Solutions to this VR problem would definitely have benefits in medicine. It may also help to reduce problems of travel sickness.

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                The Google Cardboard VR folks seem to know this and basically suggest that applications make it seem like we’re basically standing still and just turning our heads around (which we really are - so no nausea). That’ll work - but it’s not going to get you an immersive 1st person shooter game…or a car racing game…or…well, pretty much anything immersive.

                A device which does give you some pretty immersive first person experiences while avoiding nausea in VR is the HTC Vive. Having tried one for two hours in a row, I didn’t experience nausea during usage or after removing the device, and I’ve gotten pretty nauseous from other devices before. A friend of mine who had never tried anything in VR had a similar experience, no nausea from an hour and a half of use.

                There are a few features of the device that allow for really awesome experiences without forcing the user to move in-game:

                1. You define your play environment using two cameras that you fix at two opposite corners of your room, up to 5.5 meters apart(although I’ve had mild success with larger distances). You are then able to move within this space while playing a game, and the device will subtly show you a wireframe wall whenever you start walking close to the boundaries, hinting you towards staying at the center of the room. The games don’t force the player to move, but allow them to move around.
                2. The device has two awesome hand controllers which are tracked and represented very accurately within the game, including rotation + subtle movements. They also have triggers on the back which you can use to fire guns, grab objects, etc.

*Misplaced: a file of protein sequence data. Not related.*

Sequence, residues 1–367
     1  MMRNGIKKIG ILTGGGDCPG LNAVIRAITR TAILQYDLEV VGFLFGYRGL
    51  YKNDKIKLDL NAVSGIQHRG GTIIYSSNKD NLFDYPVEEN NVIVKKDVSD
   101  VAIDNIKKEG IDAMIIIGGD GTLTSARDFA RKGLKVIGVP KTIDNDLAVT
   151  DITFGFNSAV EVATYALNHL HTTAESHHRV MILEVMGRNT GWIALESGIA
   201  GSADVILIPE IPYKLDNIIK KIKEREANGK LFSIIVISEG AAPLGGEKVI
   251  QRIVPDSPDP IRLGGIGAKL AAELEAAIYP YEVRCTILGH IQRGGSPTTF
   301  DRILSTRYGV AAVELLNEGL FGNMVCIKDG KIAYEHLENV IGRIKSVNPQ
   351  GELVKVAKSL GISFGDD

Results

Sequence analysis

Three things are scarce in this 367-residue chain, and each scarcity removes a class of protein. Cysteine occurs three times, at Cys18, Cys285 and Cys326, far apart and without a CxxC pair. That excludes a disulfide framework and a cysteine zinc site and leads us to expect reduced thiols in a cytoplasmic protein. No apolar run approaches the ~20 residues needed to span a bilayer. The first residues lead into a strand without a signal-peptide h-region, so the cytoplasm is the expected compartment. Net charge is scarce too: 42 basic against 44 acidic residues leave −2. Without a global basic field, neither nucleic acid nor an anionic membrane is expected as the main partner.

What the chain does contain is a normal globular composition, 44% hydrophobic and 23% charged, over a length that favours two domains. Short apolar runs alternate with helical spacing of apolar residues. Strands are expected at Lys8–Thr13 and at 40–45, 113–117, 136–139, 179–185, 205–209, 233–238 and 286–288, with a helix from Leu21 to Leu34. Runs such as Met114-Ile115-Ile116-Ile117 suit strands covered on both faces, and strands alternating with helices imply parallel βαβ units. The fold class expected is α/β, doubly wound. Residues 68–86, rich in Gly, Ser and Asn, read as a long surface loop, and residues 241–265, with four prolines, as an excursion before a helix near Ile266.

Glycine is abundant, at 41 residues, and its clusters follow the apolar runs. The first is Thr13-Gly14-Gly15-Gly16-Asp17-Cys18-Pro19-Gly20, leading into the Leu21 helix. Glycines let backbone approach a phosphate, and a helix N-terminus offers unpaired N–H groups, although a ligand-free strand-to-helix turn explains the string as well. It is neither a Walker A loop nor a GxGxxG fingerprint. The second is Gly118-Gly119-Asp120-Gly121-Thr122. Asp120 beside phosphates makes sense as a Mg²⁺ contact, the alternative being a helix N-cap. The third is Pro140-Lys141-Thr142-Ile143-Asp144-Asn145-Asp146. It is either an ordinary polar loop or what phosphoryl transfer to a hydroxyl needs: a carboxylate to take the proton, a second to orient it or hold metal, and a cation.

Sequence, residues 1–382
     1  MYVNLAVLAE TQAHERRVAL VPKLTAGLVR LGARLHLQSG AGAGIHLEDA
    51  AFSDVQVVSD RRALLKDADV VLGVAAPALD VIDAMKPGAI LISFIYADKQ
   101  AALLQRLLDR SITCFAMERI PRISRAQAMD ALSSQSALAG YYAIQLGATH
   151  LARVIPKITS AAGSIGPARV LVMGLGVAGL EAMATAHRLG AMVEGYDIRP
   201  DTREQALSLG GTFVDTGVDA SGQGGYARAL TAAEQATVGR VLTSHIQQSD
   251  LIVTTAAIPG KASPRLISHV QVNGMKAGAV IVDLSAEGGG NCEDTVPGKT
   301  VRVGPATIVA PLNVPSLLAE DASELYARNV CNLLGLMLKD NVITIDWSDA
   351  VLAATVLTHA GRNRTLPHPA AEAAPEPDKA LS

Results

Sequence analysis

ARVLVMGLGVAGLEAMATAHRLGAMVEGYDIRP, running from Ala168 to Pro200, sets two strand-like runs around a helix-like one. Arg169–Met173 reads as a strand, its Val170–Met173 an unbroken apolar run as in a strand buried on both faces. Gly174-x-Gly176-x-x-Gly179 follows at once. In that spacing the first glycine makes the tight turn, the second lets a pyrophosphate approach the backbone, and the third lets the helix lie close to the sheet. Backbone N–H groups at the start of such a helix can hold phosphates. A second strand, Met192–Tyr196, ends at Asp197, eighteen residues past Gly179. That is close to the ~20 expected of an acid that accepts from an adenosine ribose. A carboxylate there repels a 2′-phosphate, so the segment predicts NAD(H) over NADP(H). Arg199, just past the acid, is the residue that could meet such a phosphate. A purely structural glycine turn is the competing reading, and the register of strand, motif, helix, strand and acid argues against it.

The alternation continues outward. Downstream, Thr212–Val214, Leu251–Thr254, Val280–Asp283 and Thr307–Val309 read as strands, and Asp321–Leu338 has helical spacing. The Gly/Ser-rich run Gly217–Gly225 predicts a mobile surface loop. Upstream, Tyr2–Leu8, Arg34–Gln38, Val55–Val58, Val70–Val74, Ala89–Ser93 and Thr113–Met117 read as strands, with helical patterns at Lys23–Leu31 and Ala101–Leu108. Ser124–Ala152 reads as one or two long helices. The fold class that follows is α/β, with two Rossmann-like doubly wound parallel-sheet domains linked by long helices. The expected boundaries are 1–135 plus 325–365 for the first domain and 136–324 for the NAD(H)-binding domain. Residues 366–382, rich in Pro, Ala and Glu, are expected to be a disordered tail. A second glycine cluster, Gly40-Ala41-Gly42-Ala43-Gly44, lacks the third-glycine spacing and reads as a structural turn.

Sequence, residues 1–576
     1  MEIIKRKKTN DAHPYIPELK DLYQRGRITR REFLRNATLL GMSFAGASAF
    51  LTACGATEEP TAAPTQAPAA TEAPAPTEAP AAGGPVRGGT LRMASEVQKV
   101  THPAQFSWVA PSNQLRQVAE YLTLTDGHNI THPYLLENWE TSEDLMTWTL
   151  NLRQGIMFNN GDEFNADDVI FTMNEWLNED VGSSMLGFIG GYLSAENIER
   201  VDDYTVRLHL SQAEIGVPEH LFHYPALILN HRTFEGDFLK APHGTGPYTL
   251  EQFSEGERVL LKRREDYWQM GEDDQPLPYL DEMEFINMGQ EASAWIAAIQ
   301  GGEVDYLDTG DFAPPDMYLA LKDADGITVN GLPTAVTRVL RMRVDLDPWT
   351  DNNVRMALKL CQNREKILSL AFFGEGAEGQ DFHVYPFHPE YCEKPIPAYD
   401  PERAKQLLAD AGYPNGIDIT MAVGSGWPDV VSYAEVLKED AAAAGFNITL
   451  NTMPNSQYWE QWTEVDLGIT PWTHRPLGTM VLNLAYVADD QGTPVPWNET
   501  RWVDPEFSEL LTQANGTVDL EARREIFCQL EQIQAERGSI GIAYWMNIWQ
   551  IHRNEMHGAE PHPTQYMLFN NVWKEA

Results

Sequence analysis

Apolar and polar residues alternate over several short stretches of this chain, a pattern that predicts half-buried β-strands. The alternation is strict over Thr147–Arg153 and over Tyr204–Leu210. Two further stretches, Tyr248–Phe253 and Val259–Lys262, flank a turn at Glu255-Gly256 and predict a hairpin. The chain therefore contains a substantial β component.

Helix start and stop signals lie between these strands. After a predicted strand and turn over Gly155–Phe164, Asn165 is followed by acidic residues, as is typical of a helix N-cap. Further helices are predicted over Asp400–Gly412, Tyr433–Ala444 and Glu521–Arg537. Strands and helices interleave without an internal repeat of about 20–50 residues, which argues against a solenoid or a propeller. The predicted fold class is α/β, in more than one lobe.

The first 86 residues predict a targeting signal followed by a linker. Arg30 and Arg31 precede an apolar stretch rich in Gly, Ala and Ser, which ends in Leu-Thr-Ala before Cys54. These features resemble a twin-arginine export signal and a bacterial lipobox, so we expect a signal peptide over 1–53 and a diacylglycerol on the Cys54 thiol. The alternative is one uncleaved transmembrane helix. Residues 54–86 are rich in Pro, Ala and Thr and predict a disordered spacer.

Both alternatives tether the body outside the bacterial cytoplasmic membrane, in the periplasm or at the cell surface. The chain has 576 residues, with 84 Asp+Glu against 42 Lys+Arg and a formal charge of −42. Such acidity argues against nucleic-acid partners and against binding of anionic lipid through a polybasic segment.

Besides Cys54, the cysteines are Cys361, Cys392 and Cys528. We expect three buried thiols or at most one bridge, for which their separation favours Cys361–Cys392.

3. For more extended movement, games can implement a teleportation feature which fades the screen to black and brings you to another location. This isn’t totally ideal, but works well enough in practice.

                There are a number of really great games that demo this. I was really impressed by Space Pirate Trainer, which made me feel like a badass action movie star without any sort of tutorial. At one point an enemy robot flew above me while another one prepared to fire in front of me. I lifted my right hand up and squeezed the trigger to fire blindly above, while using my vision + left hand to shield against the incoming bullets, and it worked out perfectly fine. There was no prompting by the game to do anything of the sort – you just naturally figure out your own playstyle. The video shows how movement comes into play, as well.

                There’s also Job Simulator and Fantastic Contraption, which are really good at encouraging the user to play around.

                I wasn’t convinced about the Vive and I’ve had doubts about VR, but after trying it I’m completely floored. I probably sound like a shill right now, but honestly it’s just the way this hardware makes me feel. It’s completely above anything else I’ve experienced in VR, and it really sold me on compelling VR games being feasible without inducing nausea.